Before the guests took their seats at the table, my sister and I went to the restrooms. As I was drying my hands, I spotted, next to the folded towels on the marble washbasin, something I had never seen before.

“What are these?” I asked my sister, pointing to the pile of soft, white cotton, small, thick cushions that looked like miniature rectangular pillows.

My sister came close, took one in her hand, and scrutinized it; she brought it to her nose, to her lips, she turned it around.

“They are presidential napkins,” she said with the authority that has always been hers. She always knows everything.

“I think they are Barbie mattresses,” I said.

My father had recently brought us two Barbie dolls from a trip to the US, much to my mother’s disgust. She couldn’t understand why children should play with women with breasts.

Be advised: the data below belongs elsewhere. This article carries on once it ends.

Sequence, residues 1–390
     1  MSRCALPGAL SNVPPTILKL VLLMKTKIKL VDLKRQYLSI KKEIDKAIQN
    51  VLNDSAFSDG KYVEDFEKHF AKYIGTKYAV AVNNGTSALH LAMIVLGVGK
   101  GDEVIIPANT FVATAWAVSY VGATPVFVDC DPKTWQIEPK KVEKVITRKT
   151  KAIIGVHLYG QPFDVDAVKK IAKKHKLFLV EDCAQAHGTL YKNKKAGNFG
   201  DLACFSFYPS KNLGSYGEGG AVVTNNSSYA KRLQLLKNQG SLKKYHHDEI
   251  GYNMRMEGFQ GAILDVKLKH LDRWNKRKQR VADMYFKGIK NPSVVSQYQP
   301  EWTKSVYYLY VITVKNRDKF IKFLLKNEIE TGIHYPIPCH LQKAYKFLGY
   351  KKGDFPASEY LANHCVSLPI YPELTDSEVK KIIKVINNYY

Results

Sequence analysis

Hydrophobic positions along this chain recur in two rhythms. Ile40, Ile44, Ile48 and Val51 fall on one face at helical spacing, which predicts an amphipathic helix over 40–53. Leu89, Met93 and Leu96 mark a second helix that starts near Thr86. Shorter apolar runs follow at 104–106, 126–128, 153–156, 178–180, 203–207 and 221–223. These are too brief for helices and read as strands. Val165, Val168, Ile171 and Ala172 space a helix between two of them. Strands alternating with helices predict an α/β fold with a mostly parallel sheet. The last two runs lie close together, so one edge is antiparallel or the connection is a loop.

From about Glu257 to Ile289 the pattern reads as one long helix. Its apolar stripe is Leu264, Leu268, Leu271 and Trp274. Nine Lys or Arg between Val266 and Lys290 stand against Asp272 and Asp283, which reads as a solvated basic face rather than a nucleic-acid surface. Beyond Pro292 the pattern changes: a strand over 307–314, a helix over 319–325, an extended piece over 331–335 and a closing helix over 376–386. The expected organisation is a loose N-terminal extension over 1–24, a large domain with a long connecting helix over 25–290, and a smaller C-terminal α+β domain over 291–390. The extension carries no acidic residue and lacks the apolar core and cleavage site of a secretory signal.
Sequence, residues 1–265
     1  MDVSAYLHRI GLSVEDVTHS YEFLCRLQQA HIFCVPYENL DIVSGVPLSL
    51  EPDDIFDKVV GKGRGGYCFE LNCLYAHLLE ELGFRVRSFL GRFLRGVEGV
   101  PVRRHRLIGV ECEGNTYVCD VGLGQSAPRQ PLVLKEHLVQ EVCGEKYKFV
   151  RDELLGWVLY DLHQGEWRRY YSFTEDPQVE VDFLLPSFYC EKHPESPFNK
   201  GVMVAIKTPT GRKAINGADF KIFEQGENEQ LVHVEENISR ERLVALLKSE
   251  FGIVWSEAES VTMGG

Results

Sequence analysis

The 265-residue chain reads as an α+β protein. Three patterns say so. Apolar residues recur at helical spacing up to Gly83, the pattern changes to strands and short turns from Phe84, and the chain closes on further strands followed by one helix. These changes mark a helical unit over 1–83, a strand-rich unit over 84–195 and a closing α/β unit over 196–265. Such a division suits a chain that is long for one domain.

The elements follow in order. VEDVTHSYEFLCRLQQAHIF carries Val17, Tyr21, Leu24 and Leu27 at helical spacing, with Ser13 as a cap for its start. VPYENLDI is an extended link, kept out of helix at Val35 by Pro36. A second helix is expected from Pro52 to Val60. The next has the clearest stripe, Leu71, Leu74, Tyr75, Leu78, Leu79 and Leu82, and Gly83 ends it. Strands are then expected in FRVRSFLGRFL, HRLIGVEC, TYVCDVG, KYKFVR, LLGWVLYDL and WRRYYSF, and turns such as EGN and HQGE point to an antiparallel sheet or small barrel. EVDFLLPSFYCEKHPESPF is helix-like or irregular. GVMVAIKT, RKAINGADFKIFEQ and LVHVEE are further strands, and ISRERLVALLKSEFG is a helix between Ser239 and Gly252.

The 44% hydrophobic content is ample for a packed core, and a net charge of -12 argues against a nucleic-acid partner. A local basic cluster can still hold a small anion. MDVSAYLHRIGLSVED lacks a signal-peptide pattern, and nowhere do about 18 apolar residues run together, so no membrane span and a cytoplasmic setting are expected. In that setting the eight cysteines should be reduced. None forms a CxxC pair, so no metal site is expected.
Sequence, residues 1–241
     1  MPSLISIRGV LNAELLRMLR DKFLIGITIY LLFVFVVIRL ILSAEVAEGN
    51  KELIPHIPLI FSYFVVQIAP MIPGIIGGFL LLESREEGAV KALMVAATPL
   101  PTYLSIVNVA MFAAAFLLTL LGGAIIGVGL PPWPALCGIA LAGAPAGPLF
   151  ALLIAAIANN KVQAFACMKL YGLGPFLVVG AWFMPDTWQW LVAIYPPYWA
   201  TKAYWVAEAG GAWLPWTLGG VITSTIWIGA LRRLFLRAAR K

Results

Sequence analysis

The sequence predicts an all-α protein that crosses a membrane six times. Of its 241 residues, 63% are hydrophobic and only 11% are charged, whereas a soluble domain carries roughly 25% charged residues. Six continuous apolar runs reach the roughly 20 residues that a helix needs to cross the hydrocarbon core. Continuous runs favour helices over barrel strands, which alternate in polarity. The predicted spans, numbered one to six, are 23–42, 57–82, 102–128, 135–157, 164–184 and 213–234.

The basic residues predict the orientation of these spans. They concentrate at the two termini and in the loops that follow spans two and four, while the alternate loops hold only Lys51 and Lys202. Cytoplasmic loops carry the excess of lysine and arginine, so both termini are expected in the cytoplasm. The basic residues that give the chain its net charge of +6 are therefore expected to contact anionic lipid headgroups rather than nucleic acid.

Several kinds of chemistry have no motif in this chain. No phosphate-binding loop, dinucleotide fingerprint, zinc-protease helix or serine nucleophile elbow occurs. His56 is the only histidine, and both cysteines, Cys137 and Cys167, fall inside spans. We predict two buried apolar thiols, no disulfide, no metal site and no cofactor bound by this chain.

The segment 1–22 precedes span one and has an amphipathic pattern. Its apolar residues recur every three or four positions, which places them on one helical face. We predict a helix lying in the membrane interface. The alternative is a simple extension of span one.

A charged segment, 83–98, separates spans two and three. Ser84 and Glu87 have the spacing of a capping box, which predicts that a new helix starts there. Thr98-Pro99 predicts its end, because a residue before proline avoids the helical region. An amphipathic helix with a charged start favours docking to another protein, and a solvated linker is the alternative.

“You idiot, they are napkins for the president and his wife,” my sister said. “Here, take one, look how velvety, how smooth. Smell them. They have a delicious fragrance, and they are full of the best cotton, probably brought all the way from Africa. Caress your lips with them. See?”

As always, I did as she commanded. I took one of the mysterious objects, holding it with one hand on each end. I smelled it. I brought it to my lips and moved it softly right and left, polishing my lips with its smooth material.

“They are so delicate; they smell of roses,” I said. And then, pointing to the adhesive strip on the rear side of the little cushion, I asked, “What is this for?”

My sister stared at it for a second and then softly pulled the strip off, noticing it was sticky, adhesive.

“It’s to stick the napkin to the tablecloth so that it doesn’t fall to the floor all the time. Very clever, very chic. A president shouldn’t be bending down to the floor, searching for his napkin under the table, right?”

“Aha,” I said. “But then, why are they here and not on the table?”

“They must have forgotten them,” my sister said. “Hurry, we need to hand them out.”